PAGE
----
My first foray into the secular world was an SAT boot camp. Beforehand, I ripped the "ish" out of "Jewish" and evolved into Super Jew. My day school, my friends, my after-school blintzes — every ounce of life sang "tradition." Later, when I went to Swarthmore College, baggage bristling with skepticism, I never predicted one of my favorite professors would be the P-word: Palestinian.
An alum of the college, professor Sa'ed Atshan was a lightning bolt of positivity and scholarship. He leaped down the hall by the slap of his high fives and ring of his cheery catchphrase, "You rock my world!" I enrolled in his Intro to Peace and Conflict Studies course expecting to coast as a ragged, sagacious junior. Instead, I faced rigorous towers of texts, even by Swarthmore's standards. I completed two more of his courses. Once I asked him to be my adviser, I wrote my capstone thesis on the power of Jewish comedy for nonviolent reconciliation under his tutelage. Far from the violent, vengeful stereotype I had believed, Atshan was a wonderful mentor.
Without having met any Palestinians in real life, I painted broad, monolithic strokes about Palestinian people. In my mind, gay, Christian and Palestinian could not fit together. Yet Atshan was all three. "Every Palestinian is anti-Semitic" made more sense than "Palestinians are as diverse as any other group of human beings." Yet Atshan responded to his Jewish students with special care, arranging assignments, discussions, speakers, films and office hours to represent and process our just-as-varied views. Accusations like "hateful" and "intolerant" bounced off him and stuck to me.
Watching Sa'ed (as I know him in the post-graduation world) blaze through campus with a fiery passion for coexistence reflected back the segregation of my own upbringing. Aside from sensationalized news stories, I experienced zero interaction with the proverbial "Other." I huffed and I puffed my imagination of a Palestinian into a parade balloon of a person. Meanwhile, Sa'ed was living testimony to the power of an open mind. Now, I wonder why I waited so long to seek out connections like ours.
In her book "Pedagogies of Crossing," M. Jacqui Alexander writes that "the classroom is Sacred space." That notion has always resonated deeply with me. I feel a spiritual connection with my students, and it is in the classroom where I feel most alive. The exchange of ideas, the affirmation we extend to one another, the ways that we challenge one another to become better versions of ourselves, and the bonds we forge are all truly sacred. In each context on campus, Maya Cohen lived into embracing the power of these connections. I have worked with many Jewish students from across the political spectrum over the years, and that has always been a particularly profound and rewarding experience. This is partly because of my Palestinian background, and all of the insights Maya has named. It is also because most Jewish students like Maya ground their social and global consciousness in the Jewish teachings of tikkun olam, or healing/repairing the world. That always has moved me viscerally.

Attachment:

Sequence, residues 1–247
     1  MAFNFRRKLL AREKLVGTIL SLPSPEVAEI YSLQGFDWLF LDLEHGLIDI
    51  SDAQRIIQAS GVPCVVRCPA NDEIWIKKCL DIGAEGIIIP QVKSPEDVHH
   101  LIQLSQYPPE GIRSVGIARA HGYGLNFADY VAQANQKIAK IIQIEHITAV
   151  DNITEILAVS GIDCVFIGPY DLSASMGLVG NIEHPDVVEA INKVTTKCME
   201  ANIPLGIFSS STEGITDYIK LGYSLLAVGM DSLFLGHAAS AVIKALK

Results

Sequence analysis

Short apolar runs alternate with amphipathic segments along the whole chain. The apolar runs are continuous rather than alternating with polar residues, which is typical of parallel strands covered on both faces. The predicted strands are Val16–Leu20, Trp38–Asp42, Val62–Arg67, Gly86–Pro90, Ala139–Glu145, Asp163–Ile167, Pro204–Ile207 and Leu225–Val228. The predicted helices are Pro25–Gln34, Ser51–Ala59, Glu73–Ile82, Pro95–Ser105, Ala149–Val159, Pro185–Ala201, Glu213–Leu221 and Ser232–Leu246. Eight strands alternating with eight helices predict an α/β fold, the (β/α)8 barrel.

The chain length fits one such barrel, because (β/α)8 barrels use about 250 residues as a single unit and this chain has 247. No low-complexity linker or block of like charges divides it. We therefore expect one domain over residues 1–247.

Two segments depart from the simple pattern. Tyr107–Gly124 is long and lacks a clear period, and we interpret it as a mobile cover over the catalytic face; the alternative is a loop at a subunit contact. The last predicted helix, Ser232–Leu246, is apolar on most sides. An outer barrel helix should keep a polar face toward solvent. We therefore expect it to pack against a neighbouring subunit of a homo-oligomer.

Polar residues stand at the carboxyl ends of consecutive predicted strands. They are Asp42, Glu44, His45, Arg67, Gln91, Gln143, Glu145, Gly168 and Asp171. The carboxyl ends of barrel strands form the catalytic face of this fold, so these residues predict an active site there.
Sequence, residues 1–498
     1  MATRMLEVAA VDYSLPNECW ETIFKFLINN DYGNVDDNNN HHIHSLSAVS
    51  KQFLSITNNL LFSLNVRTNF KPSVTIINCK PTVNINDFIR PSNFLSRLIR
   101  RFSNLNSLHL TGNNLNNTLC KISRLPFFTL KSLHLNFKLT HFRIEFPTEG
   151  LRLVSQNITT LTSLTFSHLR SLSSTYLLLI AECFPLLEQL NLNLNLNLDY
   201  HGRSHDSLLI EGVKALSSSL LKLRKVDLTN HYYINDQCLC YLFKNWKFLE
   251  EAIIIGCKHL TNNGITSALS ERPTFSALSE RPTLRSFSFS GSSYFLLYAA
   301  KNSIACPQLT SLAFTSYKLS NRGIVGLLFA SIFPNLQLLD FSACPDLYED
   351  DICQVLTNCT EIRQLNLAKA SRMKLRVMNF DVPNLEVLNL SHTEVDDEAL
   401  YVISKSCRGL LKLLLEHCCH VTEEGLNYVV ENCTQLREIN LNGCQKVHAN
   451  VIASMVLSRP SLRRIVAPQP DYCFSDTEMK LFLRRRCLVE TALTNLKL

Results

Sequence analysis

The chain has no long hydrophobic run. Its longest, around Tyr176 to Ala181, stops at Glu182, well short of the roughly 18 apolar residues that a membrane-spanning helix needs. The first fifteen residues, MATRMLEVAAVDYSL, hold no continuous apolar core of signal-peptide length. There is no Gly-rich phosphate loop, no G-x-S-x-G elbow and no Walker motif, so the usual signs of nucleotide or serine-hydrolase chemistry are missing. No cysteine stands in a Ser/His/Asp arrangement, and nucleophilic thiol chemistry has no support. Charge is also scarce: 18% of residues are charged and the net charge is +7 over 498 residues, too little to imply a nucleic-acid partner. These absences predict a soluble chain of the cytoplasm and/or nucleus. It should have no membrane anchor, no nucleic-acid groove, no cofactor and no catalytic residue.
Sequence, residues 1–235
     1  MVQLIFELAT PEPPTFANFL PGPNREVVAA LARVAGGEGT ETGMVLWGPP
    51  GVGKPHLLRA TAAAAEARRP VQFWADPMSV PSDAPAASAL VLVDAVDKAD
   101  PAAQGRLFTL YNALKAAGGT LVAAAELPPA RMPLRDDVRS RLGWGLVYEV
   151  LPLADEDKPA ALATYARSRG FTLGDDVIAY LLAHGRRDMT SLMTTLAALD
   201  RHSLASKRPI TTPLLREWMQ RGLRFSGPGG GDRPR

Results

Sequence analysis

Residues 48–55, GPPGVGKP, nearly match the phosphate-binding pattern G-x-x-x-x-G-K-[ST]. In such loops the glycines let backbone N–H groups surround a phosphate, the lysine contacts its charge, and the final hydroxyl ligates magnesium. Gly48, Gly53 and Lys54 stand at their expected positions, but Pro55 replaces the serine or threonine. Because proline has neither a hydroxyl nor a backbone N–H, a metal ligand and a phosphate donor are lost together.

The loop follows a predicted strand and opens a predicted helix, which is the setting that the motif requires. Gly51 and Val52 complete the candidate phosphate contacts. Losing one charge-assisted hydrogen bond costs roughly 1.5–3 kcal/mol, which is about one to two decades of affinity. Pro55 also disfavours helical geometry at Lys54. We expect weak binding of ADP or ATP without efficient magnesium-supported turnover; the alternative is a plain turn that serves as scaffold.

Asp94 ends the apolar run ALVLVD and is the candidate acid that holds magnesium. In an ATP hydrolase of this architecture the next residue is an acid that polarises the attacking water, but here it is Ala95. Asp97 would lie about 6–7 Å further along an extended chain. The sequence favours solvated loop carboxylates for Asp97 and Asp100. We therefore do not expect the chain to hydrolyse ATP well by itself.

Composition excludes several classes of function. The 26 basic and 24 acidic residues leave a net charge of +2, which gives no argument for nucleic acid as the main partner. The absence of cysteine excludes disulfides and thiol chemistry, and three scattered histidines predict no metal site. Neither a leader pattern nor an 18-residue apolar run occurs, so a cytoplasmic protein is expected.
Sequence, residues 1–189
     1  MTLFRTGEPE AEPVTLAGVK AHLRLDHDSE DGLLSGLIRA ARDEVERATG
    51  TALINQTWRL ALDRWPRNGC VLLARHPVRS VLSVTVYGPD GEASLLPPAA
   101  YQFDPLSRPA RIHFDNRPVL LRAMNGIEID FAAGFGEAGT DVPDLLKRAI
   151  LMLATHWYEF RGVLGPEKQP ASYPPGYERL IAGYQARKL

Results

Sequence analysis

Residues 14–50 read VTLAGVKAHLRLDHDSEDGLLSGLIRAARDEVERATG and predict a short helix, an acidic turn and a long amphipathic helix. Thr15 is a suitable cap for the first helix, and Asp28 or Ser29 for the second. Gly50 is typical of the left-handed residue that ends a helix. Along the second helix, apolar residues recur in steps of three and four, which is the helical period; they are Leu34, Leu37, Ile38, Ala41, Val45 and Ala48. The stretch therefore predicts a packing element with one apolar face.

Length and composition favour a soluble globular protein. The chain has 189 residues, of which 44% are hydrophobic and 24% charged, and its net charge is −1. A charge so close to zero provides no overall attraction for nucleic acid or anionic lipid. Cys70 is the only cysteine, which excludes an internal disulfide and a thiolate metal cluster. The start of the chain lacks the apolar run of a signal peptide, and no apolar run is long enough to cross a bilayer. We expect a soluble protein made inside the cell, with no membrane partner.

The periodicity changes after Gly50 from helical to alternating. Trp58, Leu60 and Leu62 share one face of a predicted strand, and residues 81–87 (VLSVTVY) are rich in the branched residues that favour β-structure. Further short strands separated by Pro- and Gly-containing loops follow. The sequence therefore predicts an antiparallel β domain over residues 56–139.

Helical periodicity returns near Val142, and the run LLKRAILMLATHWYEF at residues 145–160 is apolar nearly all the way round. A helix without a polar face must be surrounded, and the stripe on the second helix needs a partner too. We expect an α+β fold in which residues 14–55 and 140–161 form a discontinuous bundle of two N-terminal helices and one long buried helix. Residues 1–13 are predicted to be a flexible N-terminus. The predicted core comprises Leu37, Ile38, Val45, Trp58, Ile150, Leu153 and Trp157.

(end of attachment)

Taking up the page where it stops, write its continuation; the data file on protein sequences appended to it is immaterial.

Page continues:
My pedagogical approach in my courses on controversial issues is to assign a range of readings and to invite guest speakers from diverse ideological backgrounds. It often can elicit strong pushback from the left and right alike. I am accused of doing too much and too little, constantly caught between a rock and a hard place, especially in teaching about my ancestral homeland. There are many forces from across the political spectrum trying to drive apart Palestinians and Jews, and I cherish every opportunity to cultivate deep and meaningful ties with the Jewish individuals in my life. I feel blessed that Maya has joined such endeavors so beautifully.
I distinctly remember early on when Maya once shared that she found herself feeling exacerbated by the subtle and overt forms of anti-Semitism that she faced or witnessed since childhood. As a result, she had considered changing her last name from Cohen to something less obviously Jewish to avoid being stereotyped. I rooted for her not to succumb to this and to instead celebrate and take pride in her rich heritage and the communities that have shaped her into such a remarkable person. This reminded me of my own time as a student at Swarthmore, when I was ashamed of the apostrophe in my first name, which is a legal part of my name for the Arabic letter hamzeh. I went through a phase where I considered omitting the apostrophe altogether but a mentor convinced me to embrace it instead. These parallel experiences helped solidify the identification and solidarity Maya and I share.
COHEN AND ATSHAN:
The respect and admiration we have for each other is reciprocal, palpable and, most importantly, unequivocal. We recognize both our differences and commonalities. And we realize how much the world around us is yearning for more human relationships like ours.
Too often, our communities are pitted against each other as adversaries. People point fingers, shift blame and focus mainly on lines that divide us. Our relationship as professor and student, and later, as fellow alumni and friends, have proven to be profound forms of connection. When we look for where we identify — a common history of struggle and perseverance, a mutual love of education — we put down our verbal arsenal and move forward to a shared vision of peace and justice, truth and coexistence.